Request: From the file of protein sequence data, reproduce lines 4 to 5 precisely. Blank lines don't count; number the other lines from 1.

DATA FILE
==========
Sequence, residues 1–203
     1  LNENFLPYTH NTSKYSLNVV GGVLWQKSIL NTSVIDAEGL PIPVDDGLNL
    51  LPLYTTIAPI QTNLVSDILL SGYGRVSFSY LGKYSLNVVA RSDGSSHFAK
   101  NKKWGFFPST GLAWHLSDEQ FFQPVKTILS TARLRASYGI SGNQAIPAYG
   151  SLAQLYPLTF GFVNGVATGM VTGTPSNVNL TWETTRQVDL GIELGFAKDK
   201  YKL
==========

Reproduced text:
   101  NKKWGFFPST GLAWHLSDEQ FFQPVKTILS TARLRASYGI SGNQAIPAYG
   151  SLAQLYPLTF GFVNGVATGM VTGTPSNVNL TWETTRQVDL GIELGFAKDK